The Things We Carry: A Portrait of Narrative Medicine

by Annie Robinson, M.S. Narrative Medicine

They carried steaming cups of deli coffee, worn shoulder bags stuffed with papers and snacks and sweaters, bright yellow Metrocards, and buzzing cell phones. They carried worry lines on their foreheads. They carried stress and fatigue from work. They carried regret about how little time they were able to spend with their families this week.

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They trekked from different neighborhoods across the five boroughs of New York City. They were different ages, at different points in their social work career trajectories. They worked for different organizations, and supported clients on different sides of the table – defendants and victims.

For six weeks last spring, nine social workers gathered every Friday morning in a sunny classroom at the Columbia University School of Social Work. As a graduate student in Columbia’s Narrative Medicine program, I facilitated this narrative medicine workshop series. Narrative medicine is a field based in the belief that clinicians can be most effective if they know how to receive, interpret, and help co-create their clients’ stories. The practice also endows practitioners with skills to explore their own stories, as a means of working through some of the trauma they unavoidably encounter in their line of work and in their lives.

In the gentle moments each week when the group members gradually trickled into the room, stories began to unfold. Over homemade pastries and fresh fruit, the participating social workers – most of whom did not know each other beforehand – found points of common ground in the tales they shared. They related to one another’s envy of mothers who could spend more time with their children, to related resentment for individuals whose dreams were not haunted by the horrific scenes they witnessed their clients grapple with everyday. They related to the frustration felt toward stubborn clients, aggravation with the rule-laden system, and overwhelm from copious amounts of paperwork that stole precious time away from their sessions with clients.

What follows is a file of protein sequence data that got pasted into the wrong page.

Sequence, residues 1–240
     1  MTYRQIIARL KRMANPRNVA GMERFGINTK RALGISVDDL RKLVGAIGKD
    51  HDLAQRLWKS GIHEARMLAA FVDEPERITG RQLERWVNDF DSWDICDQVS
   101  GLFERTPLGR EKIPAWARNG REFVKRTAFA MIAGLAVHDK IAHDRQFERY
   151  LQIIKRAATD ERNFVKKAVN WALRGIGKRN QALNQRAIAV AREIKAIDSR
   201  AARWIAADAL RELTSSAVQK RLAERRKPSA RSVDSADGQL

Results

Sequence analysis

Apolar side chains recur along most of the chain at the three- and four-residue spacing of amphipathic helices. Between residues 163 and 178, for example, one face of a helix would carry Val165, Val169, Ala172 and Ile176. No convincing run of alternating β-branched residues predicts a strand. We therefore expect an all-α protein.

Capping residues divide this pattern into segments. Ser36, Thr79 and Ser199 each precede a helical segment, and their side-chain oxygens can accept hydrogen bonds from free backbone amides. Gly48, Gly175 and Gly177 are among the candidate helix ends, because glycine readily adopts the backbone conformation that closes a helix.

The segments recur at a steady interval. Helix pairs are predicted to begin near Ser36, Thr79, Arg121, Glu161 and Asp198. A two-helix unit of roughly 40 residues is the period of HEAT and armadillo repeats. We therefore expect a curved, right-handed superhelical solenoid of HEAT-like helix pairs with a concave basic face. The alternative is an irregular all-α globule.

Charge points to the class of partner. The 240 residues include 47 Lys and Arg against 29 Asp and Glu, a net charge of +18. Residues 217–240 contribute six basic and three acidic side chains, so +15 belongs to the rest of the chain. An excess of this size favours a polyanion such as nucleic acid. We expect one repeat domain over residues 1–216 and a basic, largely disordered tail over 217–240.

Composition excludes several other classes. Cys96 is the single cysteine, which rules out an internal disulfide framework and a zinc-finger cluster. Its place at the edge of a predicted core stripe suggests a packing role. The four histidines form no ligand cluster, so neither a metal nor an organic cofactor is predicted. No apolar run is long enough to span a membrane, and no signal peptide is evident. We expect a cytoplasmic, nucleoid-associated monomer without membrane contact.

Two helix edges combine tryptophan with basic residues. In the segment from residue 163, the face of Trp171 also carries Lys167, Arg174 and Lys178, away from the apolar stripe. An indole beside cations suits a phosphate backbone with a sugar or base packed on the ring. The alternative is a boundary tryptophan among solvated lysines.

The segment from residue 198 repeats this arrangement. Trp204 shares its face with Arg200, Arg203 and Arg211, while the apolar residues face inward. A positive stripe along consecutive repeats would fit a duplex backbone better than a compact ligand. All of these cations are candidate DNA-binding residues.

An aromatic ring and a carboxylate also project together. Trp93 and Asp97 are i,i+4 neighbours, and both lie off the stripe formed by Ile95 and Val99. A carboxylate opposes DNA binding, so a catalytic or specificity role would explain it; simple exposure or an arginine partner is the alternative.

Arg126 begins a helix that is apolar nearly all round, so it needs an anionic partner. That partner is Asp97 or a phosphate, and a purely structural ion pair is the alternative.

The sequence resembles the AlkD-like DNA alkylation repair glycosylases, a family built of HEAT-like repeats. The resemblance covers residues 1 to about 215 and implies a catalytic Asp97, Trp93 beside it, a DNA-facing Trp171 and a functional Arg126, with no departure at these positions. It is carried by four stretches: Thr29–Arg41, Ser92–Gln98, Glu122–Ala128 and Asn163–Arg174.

As the weeks went on, they grew to trust and know one another better through the exploration of story, and their personal stories became more intimate and began to incorporate some of the narrative skills they were learning. Towards the end of the workshop series, one woman noted the benefits from engaging in mindful ways with story these past weeks that she observed in her social work practice: “(It’s been) a healing measure that I can tap into that will keep me grounded, keep me available, keep me conscious.” She told us how she had developed a routine of closing her door at some point during each day, during which she devoted several moments to spilling onto paper the thoughts, feelings and memories the day’s encounters had stirred in her.

Our lives are intrinsically storied, and by taking up the project of understanding story, we can lead more present, connected, and empowered lives. As a narrative medicine facilitator, I invite a group of participants to engage with a piece of narrative – which could be a poem, a literary excerpt, a song, a film clip, a piece of visual art, or any other expression of a story. The objective is to use it to explore how story works, what story does, what it touches in us both individually and collectively, how it communicates, and what it can teach us that we can apply to our own lives and the lives of those with whom we come in contact.

These nine social workers signed up for the narrative medicine workshop to unload some of what they carried. To redistribute the weight of their work and lives. To examine their traumas. To share their insights. To be moved by the stories encountered in the narratives taken up during the sessions, and to witness each other’s stories that emerged in their own reflective writing.

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On a gray, drizzly late February morning, for the second week’s workshop, I distributed a passage from The Things They Carried, an autobiographical novel about soldiers in the Vietnam War by veteran Tim O’Brien. The following excerpt offers a taste of how O’Brien depicts the enormity of what the soldiers carried through the war:

They carried USO stationery and pencils and pens. They carried Sterno, safety pins, trip flares, signal flares, spools of wire, razor blades, chewing tobacco…They carried chess sets, basketballs, Vietnamese English dictionaries, insignia of rank, Bronze Stars and Purple Hearts, plastic cards imprinted with the Code of Conduct. They carried diseases, among them malaria and dysentery. They carried lice and ringworm and leeches and paddy algae and various rots and molds. They carried the land itself…